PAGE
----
Afrikan Culture is a new EP or mini-album by saxophonist, multi-instrumentalist and bandleader, Shabaka Hutchings – apparently working under the name Shabaka for his solo recordings. Shabaka has been one of the central figures in the revolution that has taken place in the British jazz scene over the last several years, and it’s hard to believe that this is his first solo recording.
As the title suggests, the African culture and experience continues to inform and influence Shabaka’s rich musical imagination. That being said, this a major departure from the more boisterous, rhythm-driven sounds of his main band projects, Sons Of Kemet and The Comet Is Coming. Most likely inspired by lockdown, the new album is quieter and more contemplative in style, for the most part at least. “Afrikan Culture was made around the idea of meditation and what it means for me to still my own mind and accept the music which comes to the surface,” Shabaka explains.
The album is on the American Impulse! jazz label, which says a lot about the influence Shabaka’s ground-breaking music is starting to have outside of Europe. Unfortunately, Impulse! don’t seem to be doing a huge amount to promote the new EP. It is sadly available as a download only, when it ought to be made available on a format like vinyl, too. Moreover, the press release is uninformative to say the least.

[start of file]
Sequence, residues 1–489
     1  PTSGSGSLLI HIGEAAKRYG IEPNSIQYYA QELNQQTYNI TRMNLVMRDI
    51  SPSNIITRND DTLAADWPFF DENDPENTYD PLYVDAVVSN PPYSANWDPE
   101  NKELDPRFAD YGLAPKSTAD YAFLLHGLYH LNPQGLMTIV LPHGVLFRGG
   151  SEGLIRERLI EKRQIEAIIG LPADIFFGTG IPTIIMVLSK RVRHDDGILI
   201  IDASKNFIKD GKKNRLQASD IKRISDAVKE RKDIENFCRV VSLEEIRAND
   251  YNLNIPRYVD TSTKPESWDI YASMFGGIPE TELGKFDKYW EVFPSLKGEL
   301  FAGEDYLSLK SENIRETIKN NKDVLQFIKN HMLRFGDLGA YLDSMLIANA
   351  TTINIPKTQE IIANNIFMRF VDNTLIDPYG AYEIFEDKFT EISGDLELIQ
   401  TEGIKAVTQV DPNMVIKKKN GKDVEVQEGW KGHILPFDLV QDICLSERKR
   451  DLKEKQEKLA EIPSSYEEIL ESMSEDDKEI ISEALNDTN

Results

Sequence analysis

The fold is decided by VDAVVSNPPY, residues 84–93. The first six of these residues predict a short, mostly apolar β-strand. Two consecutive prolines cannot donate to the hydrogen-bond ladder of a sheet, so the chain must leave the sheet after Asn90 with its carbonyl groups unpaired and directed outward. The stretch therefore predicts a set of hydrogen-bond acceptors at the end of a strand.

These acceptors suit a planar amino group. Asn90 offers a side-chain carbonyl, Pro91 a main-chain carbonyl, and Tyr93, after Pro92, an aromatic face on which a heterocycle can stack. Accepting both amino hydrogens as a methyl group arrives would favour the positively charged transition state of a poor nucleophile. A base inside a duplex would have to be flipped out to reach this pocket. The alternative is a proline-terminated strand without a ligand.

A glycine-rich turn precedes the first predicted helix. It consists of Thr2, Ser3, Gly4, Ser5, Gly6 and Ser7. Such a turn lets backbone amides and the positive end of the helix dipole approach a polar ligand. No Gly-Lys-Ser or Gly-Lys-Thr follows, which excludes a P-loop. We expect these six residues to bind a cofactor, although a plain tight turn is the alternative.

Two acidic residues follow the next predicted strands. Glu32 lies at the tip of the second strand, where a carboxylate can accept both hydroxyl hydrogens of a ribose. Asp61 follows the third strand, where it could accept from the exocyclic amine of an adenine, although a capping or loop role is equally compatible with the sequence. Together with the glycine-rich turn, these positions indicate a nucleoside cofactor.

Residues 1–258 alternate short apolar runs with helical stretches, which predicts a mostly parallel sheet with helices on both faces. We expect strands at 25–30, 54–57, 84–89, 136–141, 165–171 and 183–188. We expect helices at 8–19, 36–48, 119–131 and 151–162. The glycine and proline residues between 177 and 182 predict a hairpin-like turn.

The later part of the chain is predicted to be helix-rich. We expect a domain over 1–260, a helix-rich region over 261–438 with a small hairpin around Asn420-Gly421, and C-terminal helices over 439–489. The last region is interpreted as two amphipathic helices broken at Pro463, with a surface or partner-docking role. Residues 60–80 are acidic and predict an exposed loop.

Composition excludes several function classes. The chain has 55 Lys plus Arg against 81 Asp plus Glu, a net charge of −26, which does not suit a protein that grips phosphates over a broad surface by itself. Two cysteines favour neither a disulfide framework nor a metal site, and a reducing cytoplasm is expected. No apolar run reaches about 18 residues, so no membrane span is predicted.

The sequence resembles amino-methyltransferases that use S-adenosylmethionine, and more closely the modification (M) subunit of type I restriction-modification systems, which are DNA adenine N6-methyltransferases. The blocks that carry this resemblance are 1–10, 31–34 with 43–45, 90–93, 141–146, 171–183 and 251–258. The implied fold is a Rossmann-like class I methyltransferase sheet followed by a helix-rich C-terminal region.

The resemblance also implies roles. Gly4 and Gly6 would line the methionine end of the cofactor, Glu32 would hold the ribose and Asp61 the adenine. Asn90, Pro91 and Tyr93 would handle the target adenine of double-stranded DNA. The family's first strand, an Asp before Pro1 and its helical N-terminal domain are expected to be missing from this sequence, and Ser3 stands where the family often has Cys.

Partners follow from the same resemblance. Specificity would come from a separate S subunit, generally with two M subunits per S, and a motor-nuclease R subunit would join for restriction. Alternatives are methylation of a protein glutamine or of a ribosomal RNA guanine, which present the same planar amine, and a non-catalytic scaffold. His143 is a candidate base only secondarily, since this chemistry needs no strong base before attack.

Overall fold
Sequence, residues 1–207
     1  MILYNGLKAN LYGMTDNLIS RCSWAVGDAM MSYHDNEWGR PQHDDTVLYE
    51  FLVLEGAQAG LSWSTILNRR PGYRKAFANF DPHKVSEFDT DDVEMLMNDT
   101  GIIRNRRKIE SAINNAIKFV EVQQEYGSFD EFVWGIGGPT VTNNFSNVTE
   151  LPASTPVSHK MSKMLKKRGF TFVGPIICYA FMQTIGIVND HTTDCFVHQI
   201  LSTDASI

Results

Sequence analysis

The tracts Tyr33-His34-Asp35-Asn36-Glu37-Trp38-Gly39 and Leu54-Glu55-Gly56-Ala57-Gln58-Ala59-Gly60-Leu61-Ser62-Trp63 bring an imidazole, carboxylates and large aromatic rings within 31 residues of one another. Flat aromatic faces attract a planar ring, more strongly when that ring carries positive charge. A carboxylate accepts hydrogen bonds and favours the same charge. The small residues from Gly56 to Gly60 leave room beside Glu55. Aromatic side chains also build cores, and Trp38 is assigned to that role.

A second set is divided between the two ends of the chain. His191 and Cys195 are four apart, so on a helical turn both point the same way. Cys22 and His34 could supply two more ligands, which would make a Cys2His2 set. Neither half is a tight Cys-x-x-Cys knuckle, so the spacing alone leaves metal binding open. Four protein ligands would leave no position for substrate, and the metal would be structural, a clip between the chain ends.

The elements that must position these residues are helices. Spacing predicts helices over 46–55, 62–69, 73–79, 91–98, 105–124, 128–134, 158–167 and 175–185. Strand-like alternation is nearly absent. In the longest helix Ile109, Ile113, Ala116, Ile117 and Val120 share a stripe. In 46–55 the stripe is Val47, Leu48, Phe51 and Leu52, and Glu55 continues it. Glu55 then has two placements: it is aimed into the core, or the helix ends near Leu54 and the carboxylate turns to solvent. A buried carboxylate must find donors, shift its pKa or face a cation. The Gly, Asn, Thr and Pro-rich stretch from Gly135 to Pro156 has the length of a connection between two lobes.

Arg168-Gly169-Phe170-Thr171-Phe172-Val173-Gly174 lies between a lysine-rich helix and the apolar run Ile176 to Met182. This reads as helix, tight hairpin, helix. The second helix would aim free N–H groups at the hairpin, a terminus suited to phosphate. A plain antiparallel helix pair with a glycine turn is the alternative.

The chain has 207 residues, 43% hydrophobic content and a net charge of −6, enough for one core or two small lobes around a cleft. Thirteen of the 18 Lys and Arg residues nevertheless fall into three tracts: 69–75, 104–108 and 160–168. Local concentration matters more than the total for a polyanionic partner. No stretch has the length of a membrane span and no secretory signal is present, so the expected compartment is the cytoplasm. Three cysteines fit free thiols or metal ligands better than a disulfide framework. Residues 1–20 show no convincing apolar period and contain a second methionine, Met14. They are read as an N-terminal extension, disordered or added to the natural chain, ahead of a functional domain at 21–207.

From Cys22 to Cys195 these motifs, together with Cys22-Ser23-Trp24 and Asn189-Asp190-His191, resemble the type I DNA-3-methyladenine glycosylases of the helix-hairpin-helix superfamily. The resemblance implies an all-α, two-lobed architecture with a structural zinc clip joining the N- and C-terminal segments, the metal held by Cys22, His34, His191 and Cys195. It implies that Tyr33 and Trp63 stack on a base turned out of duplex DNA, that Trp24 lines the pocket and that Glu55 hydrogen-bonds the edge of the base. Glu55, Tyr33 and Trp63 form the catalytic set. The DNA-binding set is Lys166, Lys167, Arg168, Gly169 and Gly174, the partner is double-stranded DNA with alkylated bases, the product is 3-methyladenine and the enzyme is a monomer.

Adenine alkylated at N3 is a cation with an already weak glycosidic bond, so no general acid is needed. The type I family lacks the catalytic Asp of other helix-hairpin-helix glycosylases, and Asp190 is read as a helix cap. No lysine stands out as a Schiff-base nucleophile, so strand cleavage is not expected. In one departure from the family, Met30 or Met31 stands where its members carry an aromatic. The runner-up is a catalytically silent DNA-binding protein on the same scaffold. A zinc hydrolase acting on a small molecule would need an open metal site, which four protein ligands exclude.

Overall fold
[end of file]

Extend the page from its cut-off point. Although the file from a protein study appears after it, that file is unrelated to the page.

Afrikan Culture features Shabaka on a wide range of unusual instruments. The trademark saxophone is not featured, but he does play the shakuhachi (a Japanese flute), clarinet (I think) and a music box, which appears to be a clockwork-driven instrument. The use of shakuhachi is one of the features of the album, for me a least. Too often it is used to create a Japanese-style effect, which can come across as cheesy; here Shabaka experiments with the instruments tone to great effect, and shows the instrument to be far more versatile. Much of his playing is double-tracked, and he seems to have been assisted in this by Dilip Harris, who is credited as producer and mix engineer – and indeed, the album is beautifully produced.
Clocking in at just under thirty minutes, the EP is brief, and never outstays it welcome. My favourite track is the achingly beautiful Call It A European Paradox, which also features the extraordinary Alina Bzhezhinska on harp. The melodic Ital Is Vital celebrates the vitality of the vegetarian diet in Rastafarian culture, and sees Shabaka joined by Kadialy Kouyate on the kora, a West African stringed instrument.
Take a listen to European Paradox here:
The second half of the album is slightly less melodic and more experimental in nature, but no less intriguing. Explore Your Inner Space features Dave Okumu on guitar, with Dilip Harris presumably helping out with effects and looping, whilst The Dimension Of Subtle Awareness is almost psychedelic in style – less meditative, unless you’ve been smoking something, perhaps.
It's great to hear another side to Shabaka’s playing, but it’s a pity that Impulse! are not giving this release the recognition that it deserves. Highly recommended late night (or Sunday morning) listening.